Great Wisconsin Birdathon 2019
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183%
 

Goal $1,000.00

$1,831.00Raised

Welcome to the MuirLand Merlins' Great Wisconsin Birdathon fundraising page! We've always loved birds, and believe they're important to us in many ways. We want to help ensure that birds who spend all or part of the year in Wisconsin have all the resources they need to survive and thrive!

To raise support and awareness for Wisconsin's birds, Daryl Christenson, Steve Mullen, and Kari & Mark Stauffer headed out on May 11, 2019 to find as many bird species as possible, in a single 24-hour period. Here is their report:

At 12:12 am we arrived at our first stop in Comstock Bog. We weren't even out of the car yet, and we could already hear the persistent ticking of not just one but at least three Yellow Rails. This is often a challenging bird to find, so we were delighted to find this as our first species of the day! From there we worked our way around Germania Marsh, picking up Barred Owl and Long-eared Owl, and a peenting American Woodcock. Just after a beautiful view of the setting half-moon, we heard a brief Eastern Screech Owl call, and within the hour also heard a calling Northern Saw-whet Owl and Eastern Whip-poor-will. 

Our next destination was Leola Marsh, and we arrived there before 4:00 am. The prairie woke up slowly in the chilly air, but soon we were greeted by singing Bobolinks, Lark Sparrows, and were treated to the aerobatics of a Merlin harassing a Northern Harrier. Our usual Ruffed Grouse was drumming south of the road, while Prairie Chickens boomed on their leks to the north. A coyote trotted around a field dotted by Sandhill Cranes, and even they seemed amused by his playful leaping and spinning.

From the Buena Vista Grasslands, we headed south, stopping by Daryl's home to add feeder birds to the list. A few surprises met us, including a first-of-year Indigo Bunting, Pine Warbler, a Lincoln's Sparrow that popped out of the brambles, and a Yellow-bellied Sapsucker. Nearby Hope Marsh didn't improve our hopes for a really big day- there were very few waterfowl there, and while there were many warblers, there was little variety- just Yellow-rumped, Palm, Cape May, Black & White, and a Northern Waterthrush.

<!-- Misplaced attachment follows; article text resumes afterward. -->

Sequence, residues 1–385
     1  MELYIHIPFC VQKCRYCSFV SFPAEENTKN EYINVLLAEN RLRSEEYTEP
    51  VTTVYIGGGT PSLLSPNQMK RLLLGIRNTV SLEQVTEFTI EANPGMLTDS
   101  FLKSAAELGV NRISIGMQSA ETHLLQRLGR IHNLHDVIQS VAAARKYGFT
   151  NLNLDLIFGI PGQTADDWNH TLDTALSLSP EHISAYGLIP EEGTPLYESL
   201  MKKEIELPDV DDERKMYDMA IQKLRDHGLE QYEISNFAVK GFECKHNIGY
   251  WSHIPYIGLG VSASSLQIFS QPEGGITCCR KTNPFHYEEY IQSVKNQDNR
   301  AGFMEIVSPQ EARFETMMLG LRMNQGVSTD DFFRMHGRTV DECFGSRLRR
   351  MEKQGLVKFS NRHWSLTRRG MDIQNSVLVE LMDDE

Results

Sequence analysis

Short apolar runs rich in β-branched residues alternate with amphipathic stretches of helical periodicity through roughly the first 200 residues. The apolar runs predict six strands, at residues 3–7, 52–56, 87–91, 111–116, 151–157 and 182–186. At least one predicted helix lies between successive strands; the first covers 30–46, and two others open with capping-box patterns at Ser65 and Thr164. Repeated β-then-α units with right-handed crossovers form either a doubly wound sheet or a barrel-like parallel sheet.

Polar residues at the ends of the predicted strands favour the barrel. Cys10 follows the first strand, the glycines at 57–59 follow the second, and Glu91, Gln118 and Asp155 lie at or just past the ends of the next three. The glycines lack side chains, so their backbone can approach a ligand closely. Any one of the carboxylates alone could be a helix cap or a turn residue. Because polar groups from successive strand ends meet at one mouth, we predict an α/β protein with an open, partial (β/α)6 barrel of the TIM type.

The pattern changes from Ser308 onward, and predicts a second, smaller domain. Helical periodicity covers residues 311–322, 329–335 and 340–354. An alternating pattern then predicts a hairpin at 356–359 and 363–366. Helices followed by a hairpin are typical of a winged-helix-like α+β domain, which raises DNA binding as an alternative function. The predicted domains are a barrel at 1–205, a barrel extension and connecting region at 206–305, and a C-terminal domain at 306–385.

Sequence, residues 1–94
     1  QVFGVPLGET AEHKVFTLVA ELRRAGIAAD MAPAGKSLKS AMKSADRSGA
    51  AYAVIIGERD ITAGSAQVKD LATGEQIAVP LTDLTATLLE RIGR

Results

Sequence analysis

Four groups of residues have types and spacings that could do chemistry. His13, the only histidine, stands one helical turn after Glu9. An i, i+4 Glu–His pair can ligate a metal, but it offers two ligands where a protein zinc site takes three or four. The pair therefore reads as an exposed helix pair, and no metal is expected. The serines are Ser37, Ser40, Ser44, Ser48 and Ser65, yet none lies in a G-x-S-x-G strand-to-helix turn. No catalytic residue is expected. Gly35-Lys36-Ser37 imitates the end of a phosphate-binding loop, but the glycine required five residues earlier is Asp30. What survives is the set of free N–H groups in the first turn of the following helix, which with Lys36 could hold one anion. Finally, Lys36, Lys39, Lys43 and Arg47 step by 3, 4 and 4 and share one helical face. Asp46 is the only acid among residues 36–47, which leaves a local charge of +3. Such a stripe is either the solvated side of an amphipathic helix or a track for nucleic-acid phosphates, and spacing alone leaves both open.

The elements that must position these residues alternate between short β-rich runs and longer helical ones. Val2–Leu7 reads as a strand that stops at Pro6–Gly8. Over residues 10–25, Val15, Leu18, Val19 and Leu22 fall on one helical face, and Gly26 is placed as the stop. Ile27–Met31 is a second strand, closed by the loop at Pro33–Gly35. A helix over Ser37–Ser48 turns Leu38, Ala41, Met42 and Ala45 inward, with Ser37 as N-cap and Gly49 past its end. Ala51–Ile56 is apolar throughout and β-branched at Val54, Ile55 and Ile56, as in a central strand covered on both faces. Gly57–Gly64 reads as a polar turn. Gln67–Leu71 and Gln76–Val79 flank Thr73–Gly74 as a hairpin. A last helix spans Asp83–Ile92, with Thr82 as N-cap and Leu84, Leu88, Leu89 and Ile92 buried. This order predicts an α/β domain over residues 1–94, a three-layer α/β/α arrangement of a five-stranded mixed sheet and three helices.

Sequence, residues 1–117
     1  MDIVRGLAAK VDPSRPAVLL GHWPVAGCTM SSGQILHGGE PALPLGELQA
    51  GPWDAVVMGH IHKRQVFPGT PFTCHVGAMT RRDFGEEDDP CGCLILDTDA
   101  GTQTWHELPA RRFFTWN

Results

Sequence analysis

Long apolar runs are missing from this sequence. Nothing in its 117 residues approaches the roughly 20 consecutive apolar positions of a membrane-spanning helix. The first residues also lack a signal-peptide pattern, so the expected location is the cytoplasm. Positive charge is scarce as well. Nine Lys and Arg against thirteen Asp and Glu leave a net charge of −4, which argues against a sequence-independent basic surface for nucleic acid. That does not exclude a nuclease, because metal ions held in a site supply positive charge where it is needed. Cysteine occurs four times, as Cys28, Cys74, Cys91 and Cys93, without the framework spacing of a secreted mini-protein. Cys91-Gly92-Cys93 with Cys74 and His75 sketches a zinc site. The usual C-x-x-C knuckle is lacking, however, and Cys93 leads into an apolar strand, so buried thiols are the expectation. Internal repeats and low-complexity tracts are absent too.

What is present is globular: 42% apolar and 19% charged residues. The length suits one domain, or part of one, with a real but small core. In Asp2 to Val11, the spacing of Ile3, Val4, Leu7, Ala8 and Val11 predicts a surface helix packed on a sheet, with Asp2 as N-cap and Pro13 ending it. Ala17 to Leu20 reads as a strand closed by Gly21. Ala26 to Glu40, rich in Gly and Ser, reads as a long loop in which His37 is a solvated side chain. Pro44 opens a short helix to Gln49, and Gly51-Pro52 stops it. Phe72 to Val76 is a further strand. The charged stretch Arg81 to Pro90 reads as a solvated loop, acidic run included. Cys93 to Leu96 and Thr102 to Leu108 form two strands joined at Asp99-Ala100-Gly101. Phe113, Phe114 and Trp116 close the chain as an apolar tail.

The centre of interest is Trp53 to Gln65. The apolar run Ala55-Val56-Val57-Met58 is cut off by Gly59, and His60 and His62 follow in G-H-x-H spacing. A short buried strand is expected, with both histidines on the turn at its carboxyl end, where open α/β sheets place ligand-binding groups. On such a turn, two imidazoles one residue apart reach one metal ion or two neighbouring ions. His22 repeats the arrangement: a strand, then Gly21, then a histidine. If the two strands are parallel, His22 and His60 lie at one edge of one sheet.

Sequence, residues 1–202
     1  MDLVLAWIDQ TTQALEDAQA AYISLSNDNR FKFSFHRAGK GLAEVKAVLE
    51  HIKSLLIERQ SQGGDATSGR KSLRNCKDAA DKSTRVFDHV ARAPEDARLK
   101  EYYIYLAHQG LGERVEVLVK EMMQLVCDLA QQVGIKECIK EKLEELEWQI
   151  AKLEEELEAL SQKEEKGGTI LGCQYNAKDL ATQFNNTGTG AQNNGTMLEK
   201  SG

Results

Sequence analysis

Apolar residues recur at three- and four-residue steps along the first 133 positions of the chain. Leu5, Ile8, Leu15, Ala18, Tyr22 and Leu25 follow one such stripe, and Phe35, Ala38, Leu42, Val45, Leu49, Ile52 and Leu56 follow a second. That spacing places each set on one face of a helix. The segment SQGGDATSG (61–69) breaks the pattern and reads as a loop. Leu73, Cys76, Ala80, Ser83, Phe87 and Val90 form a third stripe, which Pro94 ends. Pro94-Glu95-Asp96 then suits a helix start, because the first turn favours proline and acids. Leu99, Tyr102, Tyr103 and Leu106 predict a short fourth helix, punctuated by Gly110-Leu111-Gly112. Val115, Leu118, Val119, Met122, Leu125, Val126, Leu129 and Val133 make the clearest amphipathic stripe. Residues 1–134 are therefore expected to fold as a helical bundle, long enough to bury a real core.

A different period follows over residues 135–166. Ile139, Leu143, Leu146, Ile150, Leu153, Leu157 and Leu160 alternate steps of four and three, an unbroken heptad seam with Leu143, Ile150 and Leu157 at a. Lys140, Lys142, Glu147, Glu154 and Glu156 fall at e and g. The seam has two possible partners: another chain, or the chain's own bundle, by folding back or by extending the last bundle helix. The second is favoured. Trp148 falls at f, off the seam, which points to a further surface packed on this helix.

Further south, Shoenberg Marsh and Goose Pond were skimpy on waterfowl too. We did find the resident Red-necked Grebe, along with Lesser and Greater Scaup. In nearby ephemeral farm ponds, we found a single Green-winged Teal and a female Bufflehead. Other ponds turned up a small assortment of shorebirds, including Least Sandpiper and Semipalmated Plover, and American Pipit. By the time we arrived at Pheasant Branch we had 149 species on the day, behind our normal pace.

The creek corridor of Pheasant Branch quickly lifted our tired and sagging spirits. Warblers were plentiful, and at eye-level. Just 20 yards down the trail we began ticking off American Redstart, Northern Parula, Chesnut-sided, Magnolia, Canada, and the ever lovely Black-throated Blue Warbler. Adding 11 new species to our list for the day was energizing. We realized we were not likely to set a new personal big day record, but we were very happy with the birds we were finding.